Resale values key to spreader investment

Resale values and reliability are essential factors for Simon Williams at SW Hire when buying any piece of machinery and his aim is to supply customers with the right equipment for accurate spreading whilst complying with tighter application windows.

For spreaders, the busy time is usually after cereal harvest, but due to an increase in spring applications, the current fleet stands at 15 spreaders to cope with the workload peaks. A recent change in spreader brand has seen six Bunning spreaders arrive in the past three years – the first models were Lowlander 120 TVA (twin vertical auger) machines, and the latter spreaders are Lowlander 150 TVAs, to increase work rates.

“We bought our first Bunning machine in 2020 through our dealer Halse SW and when we’ve needed to replace one since, we’ve opted for a Bunning machine as they suit our business and offer us a better residual value after two years of use.”

The company was started by Mr Williams in 2008 and began offering manure spreaders for hire to local farmers from its base near Chippenham, Wiltshire. The business has grown organically since then to a heady total of over 500 machines. There are 100 tractors split between John Deere and JCB from 90-400hp; 90 telehandlers and loading shovels, predominately JCB; 10 excavators; and over 100 silage trailers, which are all Richard Western.

Residual value key to each machine

The replacement policy run by Mr Williams is two years for every piece of machinery in the company’s fleet. This allows him to extract maximum value from his purchase and hopefully maintain a good residual value to reinvest in new kit.

He says: “We had experimented with keeping the spreaders for four years as there was only a small difference in resale value between two and four years. However, when you factor in consumable items such as another set of tyres in those additional two seasons, it confirms the two-year policy is the right solution for us.

The spreaders are extremely well built, and the Bunning name is synonymous with making top-quality equipment. We look after our machines well and everything is serviced through our workshop when it comes back in from a hire, but the Bunning spreaders require very little maintenance.”

Mr Williams went on to say that replacements going forward will more than likely be Lowlander 150 models, as they offer a bigger capacity whilst still being manoeuvrable into small gateways and narrow lanes.

Canopy addition

Although Mr Williams admits he intentionally buys simple Bunning TVA spreaders as it suits the hire market, he does add a rear canopy on all spreaders, which allows them to cope with a wider range of materials and helps to break down bulkier manures before spreading.

“We find that for the small additional cost of a rear canopy, the accuracy improvements for a wide range of products means it is a useful addition for our customers. I think it is especially handy for grassland as it prevents the larger lumps of straw content sitting on a field waiting for the weather to break it down. It is also easy to take on and off with a telehandler or loader tractor and return the spreader back to a standard rear discharge machine.”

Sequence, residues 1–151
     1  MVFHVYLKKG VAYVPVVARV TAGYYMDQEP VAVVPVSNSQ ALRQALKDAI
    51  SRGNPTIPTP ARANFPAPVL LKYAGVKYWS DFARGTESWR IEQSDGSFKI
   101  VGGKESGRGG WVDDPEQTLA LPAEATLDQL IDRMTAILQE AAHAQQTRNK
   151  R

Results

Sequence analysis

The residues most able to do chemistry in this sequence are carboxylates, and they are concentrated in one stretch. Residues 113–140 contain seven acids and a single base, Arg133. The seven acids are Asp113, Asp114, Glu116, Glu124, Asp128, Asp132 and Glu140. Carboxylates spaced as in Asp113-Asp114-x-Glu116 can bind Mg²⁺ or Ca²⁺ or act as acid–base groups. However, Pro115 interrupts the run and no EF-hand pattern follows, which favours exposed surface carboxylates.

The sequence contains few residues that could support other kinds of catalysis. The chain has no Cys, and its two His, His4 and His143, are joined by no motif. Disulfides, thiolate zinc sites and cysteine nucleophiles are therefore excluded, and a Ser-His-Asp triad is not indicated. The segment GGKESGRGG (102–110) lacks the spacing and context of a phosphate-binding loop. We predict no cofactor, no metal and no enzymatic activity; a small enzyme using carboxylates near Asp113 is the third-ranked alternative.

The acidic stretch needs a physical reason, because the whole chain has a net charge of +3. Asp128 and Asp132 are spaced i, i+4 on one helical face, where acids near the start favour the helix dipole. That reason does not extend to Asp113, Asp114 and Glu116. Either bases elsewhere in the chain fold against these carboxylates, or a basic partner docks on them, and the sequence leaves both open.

The company needs machinery that is robust and will stand up to any operator. Pictures are taken before any machine leaves the yard, this way there is no grey area when it comes to damage or potential issues on return.

With the Bunning spreaders, I can assess the moving floor chain tension from photos as the chains are visible without needing to remove guards. This means I can walk down a row of Bunning spreaders and check they are all ready for hire, comments Mr Williams.

Value of manure

Part of the reason for running a large spreader fleet is the value of manure is increasing and farmers want to apply all types of manure with greater accuracy. The recent rule changes on manure spreading periods have also affected the hire market, as there is now a greater demand from farmers for machines in a shorter hire period, to comply with the legal spreading windows.

“Demand for manure spreading in the hire market has always been for a rear discharge TVA machine and we’ve never had users wanting a HBD (horizontal beater and spinning disc) model. These are specialist machines that require dedicated operators to get the best from them and that doesn’t suit the hire market” explains Mr Williams.

Manure spreading hirers either collect the machines from the Wiltshire depot or transport is arranged by the company. Spreaders have been delivered across the south west and as far east as Cambridgeshire and Norfolk, to every type of farm from small dairy units, up to large 6,000-acre estates.

Although the business has grown considerably since the early days of a single manure spreader, it is a valuable service to local and nationwide customers and the addition of Bunning spreaders has retained a greater value in the equipment helping to maximise the return on investment.